Tembenis v. Sec'y of Health & Humans Servs., No. 13-5029 (Fed. Cir. 2013)

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Justia Opinion Summary

At age four months, Elias received a Diptheria-Tetanus-acellular-Pertussis (DTaP) vaccine. Elias developed a seizure disorder shortly afterwards. While a petition for compensation under the National Childhood Vaccine Injury Act of 1986, 42 U.S.C. 300aa-1, was pending, Elias died as a result of his seizure disorder at the age of seven. A special master determined that the DTaP vaccine caused Elias’ epilepsy and resulting death. The Secretary of Health and Human Services and the estate agreed to a $250,000 death benefit plus $175,000 for actual pain and suffering and past unreimbursable expenses. The estate also sought future lost earnings under section 300aa-15(a)(3)(B). The special master determined that the estate was entitled to future lost earnings. Subject to the right to seek review, the Secretary proffered, and the estate accepted the sum of $659,955.61 as a measure of the lost earnings. The Claims Court affirmed the special master’s future lost earnings award. The Federal Circuit reversed, holding that an estate cannot recover lost future earnings under section 300aa-15(a)(3)(B) when the person injured by a vaccine dies before entry of a compensation judgment.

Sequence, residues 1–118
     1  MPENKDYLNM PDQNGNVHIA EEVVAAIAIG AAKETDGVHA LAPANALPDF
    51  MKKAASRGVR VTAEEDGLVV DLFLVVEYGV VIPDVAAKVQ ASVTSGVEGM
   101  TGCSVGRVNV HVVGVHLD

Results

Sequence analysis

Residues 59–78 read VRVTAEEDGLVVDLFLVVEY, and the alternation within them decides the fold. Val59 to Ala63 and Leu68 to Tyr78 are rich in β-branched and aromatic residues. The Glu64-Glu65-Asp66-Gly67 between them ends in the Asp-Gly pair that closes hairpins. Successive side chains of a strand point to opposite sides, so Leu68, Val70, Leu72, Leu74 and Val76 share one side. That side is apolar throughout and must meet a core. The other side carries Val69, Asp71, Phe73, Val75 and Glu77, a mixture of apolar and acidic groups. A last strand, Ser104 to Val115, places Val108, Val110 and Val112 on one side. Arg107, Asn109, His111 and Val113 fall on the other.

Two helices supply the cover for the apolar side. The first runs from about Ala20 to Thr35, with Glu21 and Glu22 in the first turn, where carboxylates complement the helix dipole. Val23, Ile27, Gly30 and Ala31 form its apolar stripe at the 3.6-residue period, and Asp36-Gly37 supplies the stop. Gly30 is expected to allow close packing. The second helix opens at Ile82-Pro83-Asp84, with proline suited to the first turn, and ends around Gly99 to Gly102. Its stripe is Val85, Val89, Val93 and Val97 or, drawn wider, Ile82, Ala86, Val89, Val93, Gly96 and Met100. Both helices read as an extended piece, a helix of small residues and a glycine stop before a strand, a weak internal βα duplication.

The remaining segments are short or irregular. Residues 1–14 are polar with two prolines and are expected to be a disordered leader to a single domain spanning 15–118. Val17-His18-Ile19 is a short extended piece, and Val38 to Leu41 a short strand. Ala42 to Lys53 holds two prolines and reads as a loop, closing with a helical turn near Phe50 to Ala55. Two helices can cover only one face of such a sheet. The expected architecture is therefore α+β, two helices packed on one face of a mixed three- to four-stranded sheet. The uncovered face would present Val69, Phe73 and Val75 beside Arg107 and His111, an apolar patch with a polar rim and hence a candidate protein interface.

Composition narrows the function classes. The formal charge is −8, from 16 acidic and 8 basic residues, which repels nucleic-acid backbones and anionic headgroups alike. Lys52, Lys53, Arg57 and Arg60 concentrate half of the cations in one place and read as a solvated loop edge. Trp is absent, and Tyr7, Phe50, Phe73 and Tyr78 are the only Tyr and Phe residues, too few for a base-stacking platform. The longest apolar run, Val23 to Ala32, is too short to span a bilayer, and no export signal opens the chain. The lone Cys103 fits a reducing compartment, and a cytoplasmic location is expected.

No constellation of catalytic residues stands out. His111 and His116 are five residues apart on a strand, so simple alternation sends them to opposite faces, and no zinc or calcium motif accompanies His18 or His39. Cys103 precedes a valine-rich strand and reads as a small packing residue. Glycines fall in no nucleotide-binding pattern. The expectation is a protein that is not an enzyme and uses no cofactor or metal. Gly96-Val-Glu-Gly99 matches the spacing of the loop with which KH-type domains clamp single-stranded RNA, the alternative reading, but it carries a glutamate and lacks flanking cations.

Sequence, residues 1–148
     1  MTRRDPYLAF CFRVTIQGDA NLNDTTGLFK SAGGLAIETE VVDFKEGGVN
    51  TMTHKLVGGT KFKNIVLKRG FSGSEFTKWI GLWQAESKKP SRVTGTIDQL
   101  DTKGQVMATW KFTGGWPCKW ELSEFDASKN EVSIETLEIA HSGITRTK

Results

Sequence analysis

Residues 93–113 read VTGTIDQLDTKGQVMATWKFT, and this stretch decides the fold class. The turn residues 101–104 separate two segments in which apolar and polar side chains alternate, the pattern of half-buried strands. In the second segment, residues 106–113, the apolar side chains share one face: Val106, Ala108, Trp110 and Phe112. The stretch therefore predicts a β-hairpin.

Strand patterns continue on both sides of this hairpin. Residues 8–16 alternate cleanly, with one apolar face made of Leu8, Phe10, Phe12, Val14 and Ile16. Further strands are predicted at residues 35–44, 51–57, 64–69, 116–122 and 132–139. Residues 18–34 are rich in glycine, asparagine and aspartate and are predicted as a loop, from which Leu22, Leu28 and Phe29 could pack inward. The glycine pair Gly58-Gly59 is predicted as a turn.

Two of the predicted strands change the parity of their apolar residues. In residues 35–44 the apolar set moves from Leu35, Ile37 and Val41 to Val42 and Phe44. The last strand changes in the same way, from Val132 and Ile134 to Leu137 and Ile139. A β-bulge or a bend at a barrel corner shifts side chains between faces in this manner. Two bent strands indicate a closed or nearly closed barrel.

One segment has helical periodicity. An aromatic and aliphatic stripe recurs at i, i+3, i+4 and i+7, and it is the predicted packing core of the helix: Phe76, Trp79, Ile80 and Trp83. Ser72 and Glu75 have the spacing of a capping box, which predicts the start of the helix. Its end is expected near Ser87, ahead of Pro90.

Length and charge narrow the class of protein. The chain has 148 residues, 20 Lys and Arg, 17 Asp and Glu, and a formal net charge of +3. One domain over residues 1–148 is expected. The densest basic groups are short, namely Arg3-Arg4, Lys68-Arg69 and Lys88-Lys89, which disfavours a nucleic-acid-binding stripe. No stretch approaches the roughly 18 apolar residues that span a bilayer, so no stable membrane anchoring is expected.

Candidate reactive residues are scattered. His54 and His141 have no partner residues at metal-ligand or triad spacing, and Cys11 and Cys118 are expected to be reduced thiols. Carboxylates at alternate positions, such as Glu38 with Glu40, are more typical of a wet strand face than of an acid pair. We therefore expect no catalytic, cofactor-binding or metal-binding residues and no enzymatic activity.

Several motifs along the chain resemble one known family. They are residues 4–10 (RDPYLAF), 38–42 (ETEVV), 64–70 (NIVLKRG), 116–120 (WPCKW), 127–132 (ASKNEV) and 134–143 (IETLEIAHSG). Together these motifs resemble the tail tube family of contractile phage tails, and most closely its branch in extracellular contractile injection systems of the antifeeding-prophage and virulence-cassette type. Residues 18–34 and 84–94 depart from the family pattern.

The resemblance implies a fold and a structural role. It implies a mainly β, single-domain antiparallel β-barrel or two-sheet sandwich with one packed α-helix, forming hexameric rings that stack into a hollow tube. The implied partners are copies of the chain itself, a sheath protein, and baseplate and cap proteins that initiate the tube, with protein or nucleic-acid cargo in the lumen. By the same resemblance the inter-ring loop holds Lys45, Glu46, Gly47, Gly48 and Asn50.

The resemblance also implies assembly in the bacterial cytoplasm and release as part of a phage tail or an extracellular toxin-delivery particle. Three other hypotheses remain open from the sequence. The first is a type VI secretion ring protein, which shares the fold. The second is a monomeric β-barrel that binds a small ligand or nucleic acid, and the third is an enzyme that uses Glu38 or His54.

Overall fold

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United States Court of Appeals for the Federal Circuit ______________________ HARRY TEMBENIS AND GINA TEMBENIS, ADMINISTRATORS OF THE ESTATE OF ELIAS TEMBENIS, DECEASED, Petitioners-Appellees, v. SECRETARY OF HEALTH AND HUMAN SERVICES, Respondent-Appellant. ______________________ 2013-5029 ______________________ Appeal from the United States Court of Federal Claims in No. 03-VV-2820, Senior Judge James F. Merow. ______________________ Decided: October 28, 2013 ______________________ JOSEPH PEPPER, Conway, Homer & Chin-Caplan, P.C., of Boston, Massachusetts, argued for petitionersappellees. On the brief was RONALD C. HOMER. MICHAEL E. ROBINSON, Attorney, Commercial Litigation Branch, Civil Division, United States Department of Justice, of Washington, DC, argued for the respondentappellant. With him on the brief were STUART F. DELERY, Principal Deputy Assistant Attorney General, and MICHAEL S. RAAB, Attorney. Of counsel was RYAN D. PYLES, Attorney. 2 HARRY TEMBENIS v. SECRETARY OF HEALTH AND HUMAN ______________________ Before O MALLEY, CLEVENGER, and TARANTO, Circuit Judges. CLEVENGER, Circuit Judge. This is a National Childhood Vaccine Injury Act of 1986 ( Vaccine Act ) case. See 42 U.S.C. § 300aa-1 et seq. The question before us is whether the estate of a petitioner who dies prior to judgment is entitled to compensation for lost future earnings. The United States Court of Federal Claims ( Claims Court ) answered in the affirmative. Tembenis v. Sec y Health & Human Servs., No. 032820V (Fed. Cl. Oct. 19, 2012) ( Trial Op. ). Because eligibility for future lost earnings under § 300aa15(a)(3)(B) requires the person suffering from a vaccinerelated injury to survive the compensation judgment, we reverse. BACKGROUND When he was approximately four months old, Elias Tembenis received a Diptheria-Tetanus-acellularPertussis ( DTaP ) vaccine. Elias developed a seizure disorder shortly afterwards, and his parents, Harry and Gina Tembenis, filed a Petition for Vaccine Compensation on his behalf. While the petition was pending, Elias died as a result of his seizure disorder at the age of seven. The caption of the case was then amended to name Harry and Gina Tembenis, administrators of Elias estate, as petitioners. The Tembenis petition proceeded, and, in 2010, a special master determined that the DTaP vaccine caused Elias epilepsy and resulting death. Tembenis v. Sec y of Health & Human Servs., No. 03-2820V, 2010 WL 5164324 (Fed. Cl. Spec. Master Nov. 29, 2010). The Secretary of Health and Human Services ( Secretary ) and the estate agreed that the Secretary would pay the $250,000 death HARRY TEMBENIS v. SECRETARY OF HEALTH AND HUMAN 3 benefit under § 300aa-15(a)(2) and would also pay $175,000 for actual pain and suffering and past unreimbursable expenses under §§ 300aa-15(a)(1) and (a)(4). The parties did not agree, however, on whether Elias estate was entitled to recover future lost earnings under § 300aa-15(a)(3)(B). The special master, after receiving briefing from the parties on this issue and relying on our decisions in Zatuchni v. Sec y Health & Human Servs., 516 F.3d 1312 (Fed. Cir. 2008), and Edgar v. Sec y of Health & Human Servs., 989 F.2d 473 (Fed. Cir. 1993), determined that the estate was entitled to future lost earnings. Tembenis v. Sec y Health & Human Servs., No. 03-2820V, 2011 WL 5825157 (Fed. Cl. Spec. Master Oct. 26, 2011). The Secretary reserved her right to challenge the future lost earnings award, but proffered the sum of $659,955.61 as a measure of the lost earnings. The petitioners agreed, and the special master awarded petitioners a lump sum payment of $1,084,955.61, the sum of the $425,000 in uncontested awards and the $659,955.61 in contested future lost earnings. 1 The Secretary subsequently filed a Motion for Review with the Claims Court, limited to the question of whether the Tembenis estate is entitled to any future lost earnings award. The Secretary made no challenge to the special master s causation finding or to the awards of the death benefit, pain and suffering, and past unreimbursable expenses. The Claims Court also read our decisions in Zatuchni and Edgar to support recovery for lost future earnings for a child who died as a result of his vaccineOur court has already affirmed the award of $425,000 in uncontested damages. See Tembenis v. Sec y Health & Human Services, No. 2013-5029 (Fed. Cir. May 16, 2013) (order granting partial summary affirmance to petitioners-appellees). 1 4 HARRY TEMBENIS v. SECRETARY OF HEALTH AND HUMAN related injury before a compensation judgment was entered, and thus affirmed the special master s future lost earnings award. Trial Op. at 2-3. The Secretary now appeals to our court, again arguing that an estate cannot recover lost future earnings under § 300aa-15(a)(3)(B) when the person injured by a vaccine dies before entry of a compensation judgment. We have jurisdiction under 42 U.S.C. § 300aa-12(f), and, as this is purely a question of statutory interpretation, we review the decision of the Claims Court de novo, Locane v. Sec y Health & Human Servs., 685 F.3d 1375, 1379 (Fed. Cir. 2012). Before this case, no compensation award under the Vaccine Act had allowed future lost earnings for the estate of a deceased petitioner. The interpretive question before the court is thus one of first impression. DISCUSSION Congress enacted the Vaccine Act to stabilize the vaccine market and facilitate compensation for vaccinerelated deaths and injuries. See Lowry v. Sec y Health & Human Servs., 189 F.3d 1378, 1381 (Fed. Cir. 1999). Among other things, the Vaccine Act established the National Vaccine Injury Compensation Program, see 42 U.S.C. § 300aa-10(a), which provides compensation for vaccine-related injuries or death through a no-fault system designed to work faster and with greater ease than the civil tort system. Bruesewitz v. Wyeth LLC, 131 S. Ct. 1068, 1073 (2011) (quoting Shalala v. Whitecotton, 514 U.S. 268, 269 (1995)). A person injured by a vaccine, or his or her legal representative, may file a petition for compensation in the Claims Court, naming the Secretary as respondent. A special master then makes an informal adjudication of the petition, Bruesewitz, 131 S. Ct. at 1073, subject to further review by a judge of the Claims Court and our court, see 42 U.S.C. § 300aa-12(e)(2) and (f). HARRY TEMBENIS v. SECRETARY OF HEALTH AND HUMAN 5 The Vaccine Act provides several forms of compensation to those who show that they were injured by a vaccine. See 42 U.S.C. §§ 300aa-15(a)(1) through (a)(4). Because the different forms of compensation under § 300aa-15(a) are interrelated, we consider each to determine if subsection (a)(3)(B) is restricted as the Secretary asserts. Under subsection (a)(1), a vaccine-injured person may recover both past and predicted actual unreimbursable expenses which result from the vaccine-related injury. § 300aa-15(a)(1). This includes a vast array of expenses, such as those for diagnosis, medical or other remedial care, rehabilitation, developmental evaluation, special education, vocational training and placement, case management services, counseling, emotional or behavioral therapy, residential and custodial care and service expenses, special equipment, related travel expenses, and facilities determined to be reasonably necessary. Id. at § 300aa-15(a)(1)(B)(iii). An award under (a)(1) is intended to alleviate the financial burden of the petitioner s medical treatment. The estate of a person who is dead at the time of the award can recover past expenses, but obviously has no future treatment-related expenses. Zatuchni, 516 F.3d at 1318-19. Subsection (a)(4) allows recovery for actual and projected pain and suffering and emotional distress from the vaccine-related injury. 42 U.S.C. § 300aa-15(a)(4). An award under (a)(4) ameliorates, to some extent, the injured person s pain and suffering. As under subsection (a)(1), when a claimant is deceased at the time of a compensation award, the estate can recover for pain and suffering and emotional distress from the time of the injury until the date of death. See Zatuchni, 516 F.3d at 1318-19. Taken together, both (a)(1) and (a)(4) are attempts to make the injured person whole. 6 HARRY TEMBENIS v. SECRETARY OF HEALTH AND HUMAN Similarly, subsection (a)(3) is also designed for a compensatory purpose. Under (a)(3), a vaccine-injured person may recover lost earnings. Subsection (a)(3) provides: (A) In the case of any person who has sustained a vaccine-related injury after attaining the age of 18 and whose earning capacity is or has been impaired by reason of such person s vaccine-related injury for which compensation is to be awarded, compensation for actual and anticipated loss of earnings determined in accordance with generally recognized actuarial principles and projections. (B) In the case of any person who has sustained a vaccine-related injury before attaining the age of 18 and whose earning capacity is or has been impaired by reason of such person s vaccine-related injury for which compensation is to be awarded and whose vaccine-related injury is of sufficient severity to permit reasonable anticipation that such person is likely to suffer impaired earning capacity at age 18 and beyond, compensation after attaining the age of 18 for loss of earnings determined on the basis of the average gross weekly earnings of workers in the private, non-farm sector, less appropriate taxes and the average cost of a health insurance policy, as determined by the Secretary. 42 U.S.C. § 300aa-15(a)(3). Recovery for past and future lost earnings is compensation for the lost wages which would have otherwise provided the income necessary to sustain the person. See Sarver v. Sec y Health & Human Servs., No. 07-307V, 2009 WL 8589740, at *10 (Fed. Cl. Spec. Master Nov. 16, 2009). Subsection (a)(3) treats those over 18 differently from those under 18. Persons over 18 may recover both actual and anticipated lost earnings. § 300aa-15(a)(3)(A). By allowing recovery for actual as well as anticipated future HARRY TEMBENIS v. SECRETARY OF HEALTH AND HUMAN 7 earnings, subsection (a)(3)(A) contemplates that a person who was injured by a vaccine after attaining the age of 18 could have entered or remained in the workforce. The lost earnings award is tailored to the individual in accordance with generally recognized actuarial principles and projections. Id. Actual lost earnings are available to an estate and may be recovered for the time between the injury and the date of death. Zatuchni, 516 F.3d at 1315. Anticipated lost earnings are available to those who are alive at the time of the award and are expected to suffer from a lost earning capacity going forward, but death terminates any anticipation of future lost earnings. For persons under 18, subsection (a)(3)(B) sets forth another inquiry. In order to be eligible for lost earnings, the minor must have an injury: (1) which is vaccinerelated; (2) which impaired the minor s earning capacity; and (3) which is of sufficient severity to permit reasonable anticipation that such person is likely to suffer impaired earning capacity at age 18 and beyond. 42 U.S.C. § 300aa-15(a)(3)(B). In other words, the court asks how the vaccine-related injury will affect the person s earning capacity when he or she reaches age 18. If the court concludes that a minor is indeed suffering a vaccinerelated injury, which impairs his or her earning capacity, and the minor s earning capacity is likely to remain impaired at age 18 and beyond, the court awards an amount determined on the basis of the average gross weekly earnings of workers in the private, non-farm sector . . . as determined by the Secretary. Id. A person who is injured before 18 is only eligible for compensation after attaining the age of 18. Id. In other words, subsection (a)(3)(B) only allows recovery of future lost earnings. Because the statutory language does not expressly require that a claimant injured by a vaccine before the age of 18 be alive to receive future lost earnings, the appellees argue that no such restriction should be read into the statute. But the words of the statute also do not expressly 8 HARRY TEMBENIS v. SECRETARY OF HEALTH AND HUMAN state that an estate can recover for future lost earnings of a decedent. An interpretive issue thus exists within the statute. The Secretary fairly states the issue as whether compensation for lost future earnings under subsection (a)(3)(B) is limited to claimants who are alive at the time a judgment of compensation is entered. The statute refers to the impairment of future earnings capacity, not to the termination of such capacity, and thus assumes that the claimant has some potential capacity to earn. Impaired thus points to the diminished earnings capacity of a living person, not the hypothetical earning capacity of a deceased person. It is presumed that a person who is alive at the time a future lost earnings compensation award is made would have had an earning capacity as of age 18 but for the vaccine-related injury. The statute thus predicts future lost earnings to compensate for life beyond the age of 18. Where a claimant is deceased, however, the same prediction cannot rationally be made. Subsection (a)(3)(B) presupposes an expectation of future earnings to be received after attaining the age of 18. When the claimant dies before compensation is awarded, there is no reasonable expectation that the claimant would attain the age of 18. We thus conclude that the most natural reading of subsection (a)(3)(B) is to limit the eligibility for lost future earnings to persons who are alive at the time the compensation award is made. Our interpretation of subsection (a)(3)(B) is in harmony with subsection (a)(3)(A), which as noted above provides compensation for loss of earnings for persons injured by a vaccine after attaining the age of 18 in two categories, actual and anticipated. An anticipated loss of future earnings for a person over age 18 looks beyond previous actual earnings to the future, a prediction that cannot reasonably be made if the claimant is deceased at the time the prediction is made. Entitlement to an award of future lost earnings depends upon the claimant being alive at the time the compensation judgment is entered. HARRY TEMBENIS v. SECRETARY OF HEALTH AND HUMAN 9 Aside from the language of subsection (a)(3)(B) itself, other sections of the Vaccine Act support our interpretation. Another subsection of § 300aa-15, subsection (f)(4)(A), directs payment to be made on the basis of the net present value of the elements of the compensation . . . in a lump sum. When awarding lost future earnings to a living minor, the special master calculates the present value of the expected future stream of earnings that has been lost. Edgar, 989 F.2d at 476. The award is not contingent on the petitioner living to 18, and the petitioner does not wait until age 18 to receive the lump sum. Id. at 477. However, a deceased petitioner has no post-18 expected future stream of earnings to be awarded. The present value of the expected future stream of earnings is zero. Looking beyond § 300aa-15, 42 U.S.C. § 300aa13(b)(1) instructs the special master to consider the entire record and the course of the injury, disability, illness, or condition until the date of the judgment of the special master or court when awarding compensation. See also McAllister v. Secretary of Health & Humans Services, 70 F.3d 1240, 1243 (Fed. Cir. 1995) (interpreting § 300aa-13(b)(1) to require the special master to take any changes in the petitioner s condition into account when awarding damages). Awarding the petitioners both lost future earnings and a death benefit would contravene § 300aa-13(b)(1). In order to award lost future earnings, the special master would have to consider Elias injury up to a point just prior to his death. That snapshot of Elias condition would not entitle Elias to a death benefit. Instead, to receive the death benefit, the special master would have to consider the course of Elias injury to a point post-death. Essentially, the Tembenis are asking that the special master take two snapshots of Elias condition: one just prior to death and one just after death. This approach would contradict § 300aa-13(b)(1) and McAllister, both of which require the special master to 10 HARRY TEMBENIS v. SECRETARY OF HEALTH AND HUMAN consider the entire record and course of the injury up to the date of compensation judgment. See also Sarver, 2009 WL 8589740 at *8-9. The last form of compensation available under the Vaccine Act is the so-called death benefit under § 300aa15(a)(2). Id. ( In the event of a vaccine-related death, an award of $250,000 for the estate of the deceased. ). This fixed amount is for the benefit of the person s estate. See Figueroa v. Sec y Health & Human Servs., 715 F.3d 1314, 1323-24 (Fed. Cir. 2013) (explaining the legislative history of § 300aa-15(a)(2)). Obviously, a person who is alive at the time of the award cannot recover under (a)(2). Subsection (a)(2) is the only type of compensation that is not designed to reimburse or replace an injured person s own losses arising from his or her vaccine-related injury. Put simply, except for the death benefit of $250,000, under the Vaccine Act s entitlements to compensation, no element of future damages survives a claimant s death. Our analysis of the different forms of compensation available under § 300aa-15(a) is consistent with tort law principles. Generally, the estate of a person who dies may seek compensation on two related fronts. First, compensation under a wrongful death statute is designed to compensate the survivors or the estate of the deceased for losses they have sustained. Second, the estate may also pursue, under a survival statute, damages which the decedent could have recovered had he lived. See 1 Speiser & Rooks, RECOVERY FOR WRONGFUL DEATH § 1:13; RESTATEMENT (SECOND) OF TORTS § 925 & cmt. a. (1979). Thus, [i]n a survival action, a claim for lost earnings embraces only the earnings lost up to the time of death. Speiser & Rooks at § 1:14, citing Jones v. Flood, 716 A.2d 285 (Md. 1998); see also RESTATEMENT (SECOND) OF TORTS § 926 & cmt. a. (1979) ( Under statutes providing for the survival or revival of tort actions . . . the death of the injured person limits recovery for damages for loss or HARRY TEMBENIS v. SECRETARY OF HEALTH AND HUMAN 11 impairment of earning capacity, emotional distress and all other harms, to harms suffered before the death. ). Future lost earnings are then recovered under a wrongful death statute. See RESTATEMENT (SECOND) OF TORTS § 925 cmt. b. (1979). Applying these concepts to the Vaccine Act, compensation under §§ 300aa-15(a)(1), (3), and (4) is analogous to recovery under a survival statute, while § 300aa-15(a)(2) aligns to a wrongful death statute. The recovery under §§ 300aa-15(a)(1), (3), and (4) is specific to the injured person, while 15(a)(2) is an award for the estate of the deceased. Id. § 300aa-15(a)(2). As explained above, an estate recovers all past damages under the survival statutes to compensate for losses personal to the deceased. Compensation for lost future earnings of a deceased would only benefit the estate, not the deceased. Thus, when the vaccine-injured person dies as a result of the vaccine before a compensation judgment is made, an estate s recovery of both the set $250,000 death benefit under § 300aa-15(a)(2) and future lost earnings under § 300aa-15(a)(3)(B) would be duplicative, whereas an estate s recovery of a death benefit and actual lost earnings would not. This interpretation is also consistent with the availability of recovery under other federal tort liability schemes. For example, the Jones Act, 46 U.S.C. § 30104, which incorporates the Federal Employers Liability Act ( F.E.L.A. ), 45 U.S.C. § 51 et seq., provides that a seaman s right of action for injuries due to negligence survives to the seaman s personal representative. However, the Supreme Court in Miles v. Apex Marine Corp., determined that the estate of a deceased seaman could not recover lost future earnings because it would be duplicative of recovery by dependents for loss of support in a wrongful death action. 498 U.S. 19, 35 (1990). The court went on to note that the considered judgment of a large majority of American legislatures is that lost future 12 HARRY TEMBENIS v. SECRETARY OF HEALTH AND HUMAN income is not recoverable in a survival action. Id.; see also Michigan Central R.R. v. Vreeland, 227 U.S. 59 (1913) (interpreting F.E.L.A.). The petitioners argue that our interpretation of § 300aa-15(a)(3)(B) conflicts with our prior decisions in Zatuchni and Edgar. Zatuchni, 516 F.3d 1312; Edgar, 989 F.2d 473. As noted above, both the special master and the Claims Court understood Zatuchni and Edgar to support lost future earnings compensation in this case. We do not agree. Both Zatuchni and Edgar are fully consistent with our interpretation of § 300aa-15(a)(3). In Zatuchni we held that an estate may recover both the death benefit under § 300aa-15(a)(2) and compensation . . . for [] vaccine-related injuries during [the injured person s] lifetime, including actual expenses incurred, pain and suffering, and lost income between the time of the vaccination and [] death. Zatuchni, 516 F.3d at 1315 (emphasis added). In Zatuchni, the petitioner, Ms. Snyder, who was forty-five years old when she received the measles, mumps, and rubella vaccine at issue, died as a result of her vaccine-related injury while her petition was pending. Id. at 1314. We rejected the Secretary s argument that Ms. Snyder s estate could recover no more than the death benefit under § 300aa-15(a)(2), and awarded recovery for past expenses and losses incurred by Ms. Snyder before her death. Zatuchni, as executrix of the estate, sought compensation for actual amounts that Ms. Snyder would have earned, absent her vaccine-related injury, during the period between her injury in 1992 and her death in 2005. This limited past earnings recovery is consistent with the Zatuchni s rationale for allowing an estate to recover compensation in addition to the death benefit to make the estate of the deceased whole. Zatuchni, 516 F.3d at 1318-19 ( Put simply, the fact that a vaccine-related death followed a vaccine-related injury in a particular case does not alter the fact that certain expenses were incurred, wages lost, or pain and suffering HARRY TEMBENIS v. SECRETARY OF HEALTH AND HUMAN 13 endured in the interim, and these damages are no less related to or caused by a vaccine-related injury within the meaning of subsections (a)(1), (3), and (4) simply because the vaccine-injured person in question is no longer living. ). Thus, in Zatuchni our analysis was limited to whether an estate could recover past lost earnings, not future lost earnings. In Edgar, we were asked to evaluate the calculation of the amount of lost future earnings awarded by the Claims Court. 989 F.2d at 473. At the time of her compensation award, Jamie Edgar, approximately age 9, was, as a result of her vaccine-related injury, in a coma and depend[ed] entirely on hospital staff for her continued care and well-being. Id. at 475. The special master found that Jamie s lost earnings due to her impairment aggregated to $1,649,119.51 over her expected work-life. Id. The Claims Court affirmed the special master s award of $127,048.00 for lost future earnings, which represented the price of an annuity 2 which was contingent on two conditions: (1) no payments would be made if Jamie died before reaching the age of 18, and (2) payments under the annuity would cease on Jamie s death, even if the full amount of $1.6 million had not been paid. Id. We rejected this conditional approach, because nothing in [§ 300aa15(a)(3)(B)] permits the compensation award to be contingent upon the child reaching age 18. In addition, nothing in [§ 300aa-15(a)(3)(B)] authorizes the amount of compensation to be contingent upon the actual, post-injury life of the injured child. Id. at 477. The circumstances of Jamie in Edgar and Elias in the case before us are both tragic, but there is a key differUnder the Vaccine Act, future earnings damages are reduced to their net present value and the special master may order the purchase of an annuity for the benefit of the petitioner. See 42 U.S.C. § 300aa-15(f)(4)(A). 2 14 HARRY TEMBENIS v. SECRETARY OF HEALTH AND HUMAN ence: Jamie was alive, albeit in a coma, at the time of her award, and Elias was not. As the circumstances stood, Jamie had a foreseeable need for earnings to provide for her continued living, even if she may never actually recover from her coma and if she may not actually live to the age of 18, while Elias, being deceased, has no similar foreseeable need. On the other hand, Jamie was not entitled to the death benefit under § 300aa-15(a)(2), however unlikely her survival may be from the coma, while Elias estate has recovered under that subsection. Moreover, Edgar was limited to the question of calculating the net present value of a lost earnings award, not whether the petitioner was entitled to the award in the first place. Edgar neither mandates nor prohibits future lost earnings in this case. * * * The Vaccine Act involves a number of compromises made by Congress in creating the program. In exchange for reduced standards of proof and less adversarial proceedings, the Vaccine Act sets the death benefit at $250,000, without requiring proof of actual wrongful death damages. 42 U.S.C. § 300aa-15(a)(2). Nonetheless, the $250,000 amount set in 1986 may no longer be an appropriate amount for a death benefit. The original version of the Vaccine Act adopted in November 1986 included a provision which would have adjusted the death benefit for inflation. See National Childhood Vaccine Injury Act of 1986, Pub. L. No. 99-660, § 2118, 100 Stat. 3743 (1986). That provision was repealed in December 1987. See Omnibus Budget Reconciliation Act of 1987, Pub. L. No. 100-203, Title IV, § 4303(d)(2)(B), 101 Stat. 1330 (1987). Attempts have also been made to increase the death benefit. See National Vaccine Injury Compensation Program Improvement Act of 2002, H.R. 3741, 107th Cong. § 3 (2002) (increasing death benefit from $250,000 to $300,000); Improved Vaccine Affordability and Availability Act, S. 2053, 107th Cong. § 207 (2002) (increasing HARRY TEMBENIS v. SECRETARY OF HEALTH AND HUMAN 15 death benefit to $350,000). 3 In a 2002 hearing, Congressman Burton opined that his proposal increased the amount of death benefits from 250,000 to 300,000, and it hasn t been increased for more than a decade. Inflation alone would require that change . . . . Continuing Oversight of the National Vaccine Injury Compensation Program: Hearing before the H. Comm. on Gov t Reform, 107th Cong. 140 at 76 (2002) (statement of Rep. Dan Burton, Chairman H. Comm. on Gov t Reform). We cannot disturb the legislative choices Congress made in adopting this compensation scheme. Arguments for increasing the death benefit available under the Vaccine Act are properly addressed Congress. CONCLUSION The Tembenis estate has received compensation under §§ 300aa-15(a)(1), (a)(2), and (a)(4). Because the Vaccine Act precludes an award of future lost earnings to an estate of a petitioner who dies prior to the compensation judgment, we reverse the decision of the Claims Court allowing the Tembenis estate to recover lost future earnings under § 300aa-15(a)(3)(B). REVERSED Other similar bills have been introduced. See National Vaccine Injury Compensation Program Improvement Act of 2003, H.R. 1349, 108th Cong. § 3 (2003) (increasing the death benefit to $300,000); National Vaccine Injury Compensation Program Improvement Act of 2005, H.R. 1297, 109th Cong. § 3 (2005) (same); National Vaccine Injury Compensation Program Improvement Act of 2008, H.R. 6391, 110th Cong. §3 (2008) (same); National Vaccine Injury Compensation Program Improvement Act of 2009, H.R. 2459, 111th Cong. § 3 (2009) (same). 3 16 HARRY TEMBENIS v. SECRETARY OF HEALTH AND HUMAN COSTS No costs.